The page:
“I find the meeting of these two women very moving because Elizabeth and Mary came together and enabled each other to wait. Mary’s visit made Elizabeth aware of what she was waiting for. the child leapt for joy in her. Mary affirmed Elizabeth’s waiting. And then Elizabeth said to Mary, ‘Blessed is she who believed that the promise made her by the Lord would be fulfilled.’ And Mary responded, ‘My soul proclaims the greatness of the Lord.’ She burst into joy herself. These two women created space for each other to wait. The affirmed for each other that something was happening worth waiting for.

Here we see a model for Christian community. It is a community of support, celebration, and affirmation in which we can lift up what has already begun in us.” (Henri Nouwen, The Path of Waiting)

 I read this, and it occurs to me that there is something to offer even on the reverse side of hospitality. That when we allow others to create space for us, we are making space, in a way, for them too.


I’ve started inviting myself over.

A few weekends ago, I texted a friend to see if our family could have a sleepover at her house. What followed was a spontaneous pizza party with another couple, the kitchen full of laughter and conversation, all of our kids running wild around the yard. When we went to sleep in their basement that night, it was like settling deep under a blanket of grace.

Last Wednesday afternoon, I invited myself over to a friend’s condo with a bottle of white wine and some low-sodium popcorn, and we talked about her family and looked at her wedding album, black-and-white and still so full of life, even fifty years later.

When Liam came home from school with a detailed drawing of the sleepover he really wanted to have at his buddy’s house, I text his mom the picture and asked if he could come over some night. She responded not with hesitancy but with an enthusiastic Yes!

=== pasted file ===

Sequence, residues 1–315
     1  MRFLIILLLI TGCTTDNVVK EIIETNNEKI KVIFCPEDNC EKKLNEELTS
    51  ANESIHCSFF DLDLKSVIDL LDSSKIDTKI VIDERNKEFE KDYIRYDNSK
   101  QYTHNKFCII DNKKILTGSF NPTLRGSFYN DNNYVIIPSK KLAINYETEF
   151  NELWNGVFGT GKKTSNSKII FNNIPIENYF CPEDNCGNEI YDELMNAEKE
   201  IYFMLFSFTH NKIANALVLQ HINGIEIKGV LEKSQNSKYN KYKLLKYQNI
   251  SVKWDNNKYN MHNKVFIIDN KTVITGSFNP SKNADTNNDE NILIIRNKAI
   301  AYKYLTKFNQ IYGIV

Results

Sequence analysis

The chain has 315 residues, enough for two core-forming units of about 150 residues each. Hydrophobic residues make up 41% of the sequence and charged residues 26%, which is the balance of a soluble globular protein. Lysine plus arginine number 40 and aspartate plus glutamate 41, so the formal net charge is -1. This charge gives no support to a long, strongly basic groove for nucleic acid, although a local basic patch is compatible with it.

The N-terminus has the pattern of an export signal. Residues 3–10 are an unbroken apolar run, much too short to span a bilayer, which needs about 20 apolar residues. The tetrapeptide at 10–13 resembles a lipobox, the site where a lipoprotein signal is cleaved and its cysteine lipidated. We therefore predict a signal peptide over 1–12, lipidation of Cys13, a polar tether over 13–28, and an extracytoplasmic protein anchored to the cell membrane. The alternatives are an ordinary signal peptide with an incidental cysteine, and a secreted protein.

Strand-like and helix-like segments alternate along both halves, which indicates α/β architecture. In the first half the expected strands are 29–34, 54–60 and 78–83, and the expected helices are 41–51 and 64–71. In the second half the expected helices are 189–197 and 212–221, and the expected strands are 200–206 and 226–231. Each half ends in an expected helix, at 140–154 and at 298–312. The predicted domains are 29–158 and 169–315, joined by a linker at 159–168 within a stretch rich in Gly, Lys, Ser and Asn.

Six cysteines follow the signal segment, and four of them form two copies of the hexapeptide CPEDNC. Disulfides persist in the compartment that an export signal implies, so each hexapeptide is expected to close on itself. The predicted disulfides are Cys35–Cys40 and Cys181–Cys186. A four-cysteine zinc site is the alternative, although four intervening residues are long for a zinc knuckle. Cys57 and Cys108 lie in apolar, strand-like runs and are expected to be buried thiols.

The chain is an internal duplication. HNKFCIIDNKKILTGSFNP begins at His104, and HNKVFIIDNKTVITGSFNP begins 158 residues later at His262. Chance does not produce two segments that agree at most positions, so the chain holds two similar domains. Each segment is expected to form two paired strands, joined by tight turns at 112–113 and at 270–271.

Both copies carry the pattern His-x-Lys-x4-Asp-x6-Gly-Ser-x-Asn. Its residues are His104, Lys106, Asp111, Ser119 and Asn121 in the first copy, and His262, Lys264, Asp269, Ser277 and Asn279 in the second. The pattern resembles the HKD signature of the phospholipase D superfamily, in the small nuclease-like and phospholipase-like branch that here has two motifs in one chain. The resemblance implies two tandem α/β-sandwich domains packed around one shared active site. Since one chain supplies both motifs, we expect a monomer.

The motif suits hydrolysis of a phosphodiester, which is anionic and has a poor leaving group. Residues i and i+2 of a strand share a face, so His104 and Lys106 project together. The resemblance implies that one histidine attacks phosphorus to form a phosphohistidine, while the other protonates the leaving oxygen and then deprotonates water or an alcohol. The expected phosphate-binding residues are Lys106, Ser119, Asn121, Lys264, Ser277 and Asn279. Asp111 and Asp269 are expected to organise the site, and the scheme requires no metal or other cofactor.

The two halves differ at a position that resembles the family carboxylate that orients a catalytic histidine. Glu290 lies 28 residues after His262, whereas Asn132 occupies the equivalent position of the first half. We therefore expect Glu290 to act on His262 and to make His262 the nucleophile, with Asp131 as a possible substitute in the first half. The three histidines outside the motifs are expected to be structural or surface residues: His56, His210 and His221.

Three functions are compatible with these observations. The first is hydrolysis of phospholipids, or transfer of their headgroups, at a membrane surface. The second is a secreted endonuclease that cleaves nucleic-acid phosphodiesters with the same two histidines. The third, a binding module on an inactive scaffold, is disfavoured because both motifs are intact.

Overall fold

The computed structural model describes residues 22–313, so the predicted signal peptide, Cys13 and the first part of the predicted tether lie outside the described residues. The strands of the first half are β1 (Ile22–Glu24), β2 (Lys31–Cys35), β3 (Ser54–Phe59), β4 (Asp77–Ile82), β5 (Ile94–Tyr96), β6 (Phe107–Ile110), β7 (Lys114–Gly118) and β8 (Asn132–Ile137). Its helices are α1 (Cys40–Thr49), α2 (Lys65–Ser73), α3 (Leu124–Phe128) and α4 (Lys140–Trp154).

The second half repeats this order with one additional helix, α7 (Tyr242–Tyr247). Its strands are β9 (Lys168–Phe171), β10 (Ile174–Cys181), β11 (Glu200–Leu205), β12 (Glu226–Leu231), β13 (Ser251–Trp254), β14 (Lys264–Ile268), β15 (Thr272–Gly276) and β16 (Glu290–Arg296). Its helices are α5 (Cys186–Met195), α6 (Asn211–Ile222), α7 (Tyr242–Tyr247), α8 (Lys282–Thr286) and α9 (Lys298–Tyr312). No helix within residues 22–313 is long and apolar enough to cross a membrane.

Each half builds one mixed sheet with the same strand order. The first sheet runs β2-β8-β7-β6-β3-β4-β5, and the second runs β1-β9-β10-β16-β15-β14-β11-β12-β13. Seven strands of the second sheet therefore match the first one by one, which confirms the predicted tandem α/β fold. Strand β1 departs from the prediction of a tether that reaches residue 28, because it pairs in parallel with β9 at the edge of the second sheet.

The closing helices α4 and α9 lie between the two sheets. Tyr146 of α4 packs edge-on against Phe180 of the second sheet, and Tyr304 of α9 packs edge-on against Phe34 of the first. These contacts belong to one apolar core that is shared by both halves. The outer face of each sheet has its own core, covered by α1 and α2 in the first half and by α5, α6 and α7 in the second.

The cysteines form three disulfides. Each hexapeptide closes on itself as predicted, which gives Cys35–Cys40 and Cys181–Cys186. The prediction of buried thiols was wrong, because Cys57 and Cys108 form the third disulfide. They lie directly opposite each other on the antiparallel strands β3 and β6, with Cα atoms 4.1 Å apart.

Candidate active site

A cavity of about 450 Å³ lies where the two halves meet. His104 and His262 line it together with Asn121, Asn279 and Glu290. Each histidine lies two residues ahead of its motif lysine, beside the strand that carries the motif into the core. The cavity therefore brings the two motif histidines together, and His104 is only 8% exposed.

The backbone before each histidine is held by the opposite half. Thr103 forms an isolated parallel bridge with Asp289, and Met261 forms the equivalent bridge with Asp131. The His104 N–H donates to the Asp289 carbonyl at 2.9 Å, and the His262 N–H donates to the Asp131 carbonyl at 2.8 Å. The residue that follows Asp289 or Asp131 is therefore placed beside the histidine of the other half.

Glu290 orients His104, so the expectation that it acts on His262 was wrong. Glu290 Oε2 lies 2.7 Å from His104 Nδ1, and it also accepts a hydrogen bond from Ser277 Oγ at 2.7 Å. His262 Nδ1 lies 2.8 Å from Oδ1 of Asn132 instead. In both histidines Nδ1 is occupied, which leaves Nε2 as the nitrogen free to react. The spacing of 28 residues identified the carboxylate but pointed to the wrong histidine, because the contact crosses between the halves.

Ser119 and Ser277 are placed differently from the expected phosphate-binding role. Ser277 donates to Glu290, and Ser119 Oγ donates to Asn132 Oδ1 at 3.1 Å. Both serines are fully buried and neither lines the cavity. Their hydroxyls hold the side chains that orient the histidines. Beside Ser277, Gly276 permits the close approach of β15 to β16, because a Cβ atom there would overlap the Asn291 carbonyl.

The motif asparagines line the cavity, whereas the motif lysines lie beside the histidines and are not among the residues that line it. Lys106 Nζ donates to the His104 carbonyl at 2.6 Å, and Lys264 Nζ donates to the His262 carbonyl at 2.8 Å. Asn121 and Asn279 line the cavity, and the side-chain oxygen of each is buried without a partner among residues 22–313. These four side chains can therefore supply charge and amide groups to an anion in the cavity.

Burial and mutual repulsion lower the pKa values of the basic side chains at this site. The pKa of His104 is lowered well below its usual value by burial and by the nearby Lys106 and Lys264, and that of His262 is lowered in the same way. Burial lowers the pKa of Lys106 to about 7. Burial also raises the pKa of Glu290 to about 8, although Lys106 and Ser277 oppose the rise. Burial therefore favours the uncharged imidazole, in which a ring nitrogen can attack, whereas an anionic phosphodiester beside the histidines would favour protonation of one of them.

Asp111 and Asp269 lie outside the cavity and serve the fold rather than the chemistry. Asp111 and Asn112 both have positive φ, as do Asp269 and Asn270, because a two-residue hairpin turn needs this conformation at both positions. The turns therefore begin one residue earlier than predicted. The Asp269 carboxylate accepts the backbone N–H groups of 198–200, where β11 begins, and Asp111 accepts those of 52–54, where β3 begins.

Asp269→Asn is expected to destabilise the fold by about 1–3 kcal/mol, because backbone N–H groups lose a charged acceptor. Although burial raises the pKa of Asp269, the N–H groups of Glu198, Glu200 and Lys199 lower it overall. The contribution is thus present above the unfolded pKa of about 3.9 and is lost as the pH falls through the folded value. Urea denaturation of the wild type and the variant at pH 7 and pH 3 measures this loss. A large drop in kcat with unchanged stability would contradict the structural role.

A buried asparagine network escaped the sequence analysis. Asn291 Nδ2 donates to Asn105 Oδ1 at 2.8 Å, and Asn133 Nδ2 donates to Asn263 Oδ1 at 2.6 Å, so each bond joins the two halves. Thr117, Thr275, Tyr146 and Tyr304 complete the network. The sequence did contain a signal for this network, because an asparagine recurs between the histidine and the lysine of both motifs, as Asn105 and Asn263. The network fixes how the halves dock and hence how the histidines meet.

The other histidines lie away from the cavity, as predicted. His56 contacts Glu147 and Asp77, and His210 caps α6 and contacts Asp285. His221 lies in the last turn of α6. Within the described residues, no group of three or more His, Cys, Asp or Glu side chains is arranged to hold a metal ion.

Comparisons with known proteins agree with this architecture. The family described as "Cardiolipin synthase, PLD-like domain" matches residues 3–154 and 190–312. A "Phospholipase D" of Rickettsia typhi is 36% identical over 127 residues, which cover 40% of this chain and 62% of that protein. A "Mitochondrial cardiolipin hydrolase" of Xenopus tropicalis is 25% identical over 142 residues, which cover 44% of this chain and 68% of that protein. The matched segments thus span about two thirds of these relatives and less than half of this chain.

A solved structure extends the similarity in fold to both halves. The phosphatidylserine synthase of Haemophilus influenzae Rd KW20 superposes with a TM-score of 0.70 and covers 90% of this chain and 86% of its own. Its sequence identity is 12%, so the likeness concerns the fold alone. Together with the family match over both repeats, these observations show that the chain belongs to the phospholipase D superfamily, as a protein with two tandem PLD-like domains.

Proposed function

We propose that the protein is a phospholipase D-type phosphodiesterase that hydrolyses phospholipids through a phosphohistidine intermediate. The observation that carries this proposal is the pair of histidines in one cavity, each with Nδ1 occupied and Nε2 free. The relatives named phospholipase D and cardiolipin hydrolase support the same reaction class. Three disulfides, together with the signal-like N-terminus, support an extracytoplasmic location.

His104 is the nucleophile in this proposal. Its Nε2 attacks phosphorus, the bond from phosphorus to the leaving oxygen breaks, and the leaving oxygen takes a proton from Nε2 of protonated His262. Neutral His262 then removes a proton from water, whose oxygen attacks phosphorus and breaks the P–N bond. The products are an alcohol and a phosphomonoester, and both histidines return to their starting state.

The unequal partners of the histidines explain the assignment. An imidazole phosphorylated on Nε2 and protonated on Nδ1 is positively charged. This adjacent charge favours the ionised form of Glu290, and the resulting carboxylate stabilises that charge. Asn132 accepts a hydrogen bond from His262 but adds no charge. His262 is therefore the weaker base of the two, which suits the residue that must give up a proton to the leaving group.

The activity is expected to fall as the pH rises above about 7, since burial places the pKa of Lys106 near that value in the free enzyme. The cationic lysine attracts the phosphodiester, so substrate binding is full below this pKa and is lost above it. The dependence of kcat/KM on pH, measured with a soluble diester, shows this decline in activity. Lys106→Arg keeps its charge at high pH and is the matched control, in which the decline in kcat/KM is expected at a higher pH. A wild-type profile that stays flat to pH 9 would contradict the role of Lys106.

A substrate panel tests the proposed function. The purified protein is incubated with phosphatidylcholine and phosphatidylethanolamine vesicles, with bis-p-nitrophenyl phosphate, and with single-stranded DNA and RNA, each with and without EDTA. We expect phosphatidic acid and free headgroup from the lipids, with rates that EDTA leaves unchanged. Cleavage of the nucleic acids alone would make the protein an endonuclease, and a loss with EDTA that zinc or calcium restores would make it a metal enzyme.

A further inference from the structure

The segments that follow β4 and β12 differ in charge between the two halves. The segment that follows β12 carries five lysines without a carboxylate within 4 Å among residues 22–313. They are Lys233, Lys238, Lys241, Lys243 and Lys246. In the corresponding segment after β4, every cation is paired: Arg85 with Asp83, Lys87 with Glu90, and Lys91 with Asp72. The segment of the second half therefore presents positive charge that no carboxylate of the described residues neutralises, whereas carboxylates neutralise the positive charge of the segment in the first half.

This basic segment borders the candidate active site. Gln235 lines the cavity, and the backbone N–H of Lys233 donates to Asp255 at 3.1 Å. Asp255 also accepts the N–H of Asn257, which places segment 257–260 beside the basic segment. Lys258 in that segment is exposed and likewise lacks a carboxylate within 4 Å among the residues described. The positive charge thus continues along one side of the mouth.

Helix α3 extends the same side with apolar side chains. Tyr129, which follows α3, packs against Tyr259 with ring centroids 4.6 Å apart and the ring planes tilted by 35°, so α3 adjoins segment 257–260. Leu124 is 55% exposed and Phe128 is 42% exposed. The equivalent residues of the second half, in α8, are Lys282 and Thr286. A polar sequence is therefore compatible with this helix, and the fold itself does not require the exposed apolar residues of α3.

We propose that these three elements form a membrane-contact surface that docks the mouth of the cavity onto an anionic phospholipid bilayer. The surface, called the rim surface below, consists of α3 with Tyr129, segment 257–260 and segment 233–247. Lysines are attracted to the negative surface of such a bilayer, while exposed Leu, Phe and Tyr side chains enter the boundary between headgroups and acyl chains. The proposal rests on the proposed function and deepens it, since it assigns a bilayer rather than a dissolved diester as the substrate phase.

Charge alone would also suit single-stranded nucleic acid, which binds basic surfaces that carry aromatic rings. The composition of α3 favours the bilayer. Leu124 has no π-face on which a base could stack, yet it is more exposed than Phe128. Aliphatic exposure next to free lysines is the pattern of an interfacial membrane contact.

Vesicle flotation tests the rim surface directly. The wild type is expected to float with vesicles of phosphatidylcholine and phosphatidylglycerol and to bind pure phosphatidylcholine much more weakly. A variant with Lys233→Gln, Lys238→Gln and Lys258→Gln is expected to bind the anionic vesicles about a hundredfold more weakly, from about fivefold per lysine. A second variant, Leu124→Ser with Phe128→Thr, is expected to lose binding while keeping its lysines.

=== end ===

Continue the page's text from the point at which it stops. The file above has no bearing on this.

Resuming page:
I’m learning that there are a lot of people who would actually love to have others come over, but are not as naturally inclined to invite. That maybe, inviting ourselves is not so much an inconvenience as a gift.

I’m learning to say, “We’d love to spend time with you. Can I bring over some lunch?”

It’s still not my natural inclination, of course. It still feels unbearably awkward. I still follow up every self-invitation with please don’t feel obligated, or no big deal if it doesn’t work, or no pressure!

But I also know that you can’t give what you refuse to receive, and on the reverse side of hospitality, this is what I am learning to do.

I can’t offer my home or my kitchen table. But I can invite others into the spaciousness of my own heart. I can receive the gift of a place to stay.

I have long offered what I call the ministry of a messy house, in which I invite people into our home just as it is — un-picked-up, unvacuumed, heinous stained carpet announcing all of our spills and mistakes to others. Now I can offer this gift differently, a reverse-version in which I’m the one who gets to see the beauty in the mess.

I never expected that we still wouldn’t have find a place to live, three months after we started looking. I would never choose to not have a home.

But even here, there is a deep goodness. Even here there is so much grace.